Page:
You cannot speed up the process of bringing her here sooner as a fiance. But you may want to discuss with an experienced immigration attorney whether there are other nonimmigrant visa options that might allow here to come to the US quicker.
Memphis Immigration Lawyer
Siskind Sisser Law Firm
I agree with my collegues and also point out that something doesn't add up with your situation as you exolain it. You should consult with an attorney and have them look at your documents. You may not need an I751. You might only need an I90 or maybe you don't need to file anything at this point.
I agree with my colleagues that if you do not have sufficient income yourself then you can submit an affidavit of support from a co-sponsor. But I disagree that this is something you can put off until later. Even though you will not submit the forms until later in the process, you should make sure you can address this issue now before you start the process. If you need a co-sponsor, make sure you have one lined up now. It sounds like you could benefit from having a consultation with an attorney...
Yes. A criminal arrest cannot be expunged for immigration purposes. The arrest will show up in your immigration checks just as if they had never been expunged. So do not attempt to hide these arrests.
Whether the diversion program was a conviction or not depends on the jurisdicition in which you were prosecuted. Some diversion programs require a guilty plea before the judge will allow you to ender into the program.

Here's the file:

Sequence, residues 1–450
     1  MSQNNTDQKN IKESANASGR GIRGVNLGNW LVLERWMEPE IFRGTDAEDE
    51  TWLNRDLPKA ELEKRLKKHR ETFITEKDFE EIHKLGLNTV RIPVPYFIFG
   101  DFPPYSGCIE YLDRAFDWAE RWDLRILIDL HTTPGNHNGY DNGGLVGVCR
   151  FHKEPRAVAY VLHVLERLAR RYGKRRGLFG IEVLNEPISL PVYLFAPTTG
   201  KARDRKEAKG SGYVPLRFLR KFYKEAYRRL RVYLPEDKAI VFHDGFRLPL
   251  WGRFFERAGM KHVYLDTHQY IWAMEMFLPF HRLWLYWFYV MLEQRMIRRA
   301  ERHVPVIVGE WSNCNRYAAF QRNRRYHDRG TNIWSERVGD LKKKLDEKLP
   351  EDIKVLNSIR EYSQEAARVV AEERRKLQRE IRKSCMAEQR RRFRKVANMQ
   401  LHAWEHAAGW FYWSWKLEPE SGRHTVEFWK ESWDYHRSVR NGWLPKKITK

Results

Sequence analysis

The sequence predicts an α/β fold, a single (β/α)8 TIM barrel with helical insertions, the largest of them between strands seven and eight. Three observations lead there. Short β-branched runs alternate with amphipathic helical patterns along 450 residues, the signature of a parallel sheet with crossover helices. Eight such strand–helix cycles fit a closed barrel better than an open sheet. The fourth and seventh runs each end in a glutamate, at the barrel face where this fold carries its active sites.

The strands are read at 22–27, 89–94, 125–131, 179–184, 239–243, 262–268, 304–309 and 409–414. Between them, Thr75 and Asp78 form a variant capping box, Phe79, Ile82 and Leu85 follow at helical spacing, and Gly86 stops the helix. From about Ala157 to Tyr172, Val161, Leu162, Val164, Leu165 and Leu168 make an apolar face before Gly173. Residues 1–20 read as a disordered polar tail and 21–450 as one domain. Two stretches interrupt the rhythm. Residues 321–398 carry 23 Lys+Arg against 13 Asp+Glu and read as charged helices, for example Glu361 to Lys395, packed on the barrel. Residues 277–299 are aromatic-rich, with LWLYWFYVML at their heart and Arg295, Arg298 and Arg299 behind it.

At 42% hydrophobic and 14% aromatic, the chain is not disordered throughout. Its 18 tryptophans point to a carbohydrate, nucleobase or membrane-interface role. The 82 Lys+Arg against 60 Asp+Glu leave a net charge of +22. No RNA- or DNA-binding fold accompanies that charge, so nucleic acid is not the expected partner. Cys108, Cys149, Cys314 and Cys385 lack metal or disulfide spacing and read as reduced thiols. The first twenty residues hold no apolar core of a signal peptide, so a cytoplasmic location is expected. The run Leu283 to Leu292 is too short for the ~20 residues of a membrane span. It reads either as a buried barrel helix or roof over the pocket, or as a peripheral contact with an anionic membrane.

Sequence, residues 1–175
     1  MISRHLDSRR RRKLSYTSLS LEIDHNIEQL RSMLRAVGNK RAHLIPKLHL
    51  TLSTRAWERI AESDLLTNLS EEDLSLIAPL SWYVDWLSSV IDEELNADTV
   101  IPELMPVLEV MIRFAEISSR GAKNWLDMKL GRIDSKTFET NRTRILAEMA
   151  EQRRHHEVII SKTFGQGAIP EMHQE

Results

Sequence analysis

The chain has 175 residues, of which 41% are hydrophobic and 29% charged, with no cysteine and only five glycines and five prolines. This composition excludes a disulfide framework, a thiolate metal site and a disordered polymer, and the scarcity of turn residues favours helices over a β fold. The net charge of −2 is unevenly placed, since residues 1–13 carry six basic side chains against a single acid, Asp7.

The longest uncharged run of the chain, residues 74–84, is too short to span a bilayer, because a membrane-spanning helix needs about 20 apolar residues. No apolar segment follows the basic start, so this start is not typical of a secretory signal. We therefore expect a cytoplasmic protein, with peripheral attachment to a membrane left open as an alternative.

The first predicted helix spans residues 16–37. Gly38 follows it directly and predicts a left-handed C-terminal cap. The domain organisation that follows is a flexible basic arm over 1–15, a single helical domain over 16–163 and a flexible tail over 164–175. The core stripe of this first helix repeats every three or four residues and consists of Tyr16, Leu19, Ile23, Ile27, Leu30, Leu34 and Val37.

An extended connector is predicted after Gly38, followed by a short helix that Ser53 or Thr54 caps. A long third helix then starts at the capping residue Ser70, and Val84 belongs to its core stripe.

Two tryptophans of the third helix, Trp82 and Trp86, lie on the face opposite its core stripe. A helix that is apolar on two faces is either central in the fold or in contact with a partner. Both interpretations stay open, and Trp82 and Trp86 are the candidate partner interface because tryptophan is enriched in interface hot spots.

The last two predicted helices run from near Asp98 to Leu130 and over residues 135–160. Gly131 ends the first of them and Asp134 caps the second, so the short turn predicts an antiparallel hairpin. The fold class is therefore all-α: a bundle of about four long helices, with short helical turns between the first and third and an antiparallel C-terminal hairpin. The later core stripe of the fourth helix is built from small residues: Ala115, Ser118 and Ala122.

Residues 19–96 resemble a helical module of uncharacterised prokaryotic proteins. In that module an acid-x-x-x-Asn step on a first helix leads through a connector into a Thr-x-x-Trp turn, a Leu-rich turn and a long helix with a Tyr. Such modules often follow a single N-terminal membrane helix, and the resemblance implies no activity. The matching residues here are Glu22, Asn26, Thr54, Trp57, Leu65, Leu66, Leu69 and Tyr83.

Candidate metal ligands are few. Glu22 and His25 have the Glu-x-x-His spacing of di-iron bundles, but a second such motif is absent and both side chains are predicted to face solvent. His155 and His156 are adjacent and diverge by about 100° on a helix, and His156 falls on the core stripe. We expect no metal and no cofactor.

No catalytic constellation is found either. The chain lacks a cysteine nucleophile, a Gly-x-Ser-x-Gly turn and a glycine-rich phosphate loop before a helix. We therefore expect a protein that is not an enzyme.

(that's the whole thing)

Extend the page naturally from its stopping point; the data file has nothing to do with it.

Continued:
This is completely normal. The I-765 (EAD) is normally approved faster than the I-131. This is because USCIS is required to approve the I-765 within 90 days, but there is no such requirement for the I-131. The I-131 is usually approved within 120 days. If you have an emergency need for travel, an immigration law attorney may be able to help you have your I-131 expedited, depending on your need for travel.
Siskind Susser, PC
1028 Oakhaven Rd.
Memphis, TN 38119
You do not have to do anything about the petition, but you should gather as much documentation as you can to show that the first marriage was a real marriage (not just for immigration) and that you lived together.
This shouldn't be an issue. Your attorney should be able to get the NVC to combine both files. They should just be holding up the case until they can get both files to the NVC so they can make sure nothing in the other file conflicts with the current file.
There is no set amount of time. Once your husband has his naturalization certificate you can send a copy in to the NVC to let them know of your change in petition. You can call (603) 334-0700 to see if they might be willing to let you fax the document in, which would be quicker. It will probably take about 30 days for them to put your file in the correct cue and send you the initial paperwork to start your immigrant visa process.
Your divorce will not affect your immigration status, except that if you wish to apply for naturalization, you will need to show that you meet the 5-year residency requirements rather than the 3-year residency requirements for naturalization.
Also, as a permanent resident you need to inform USCIS of any changes in address.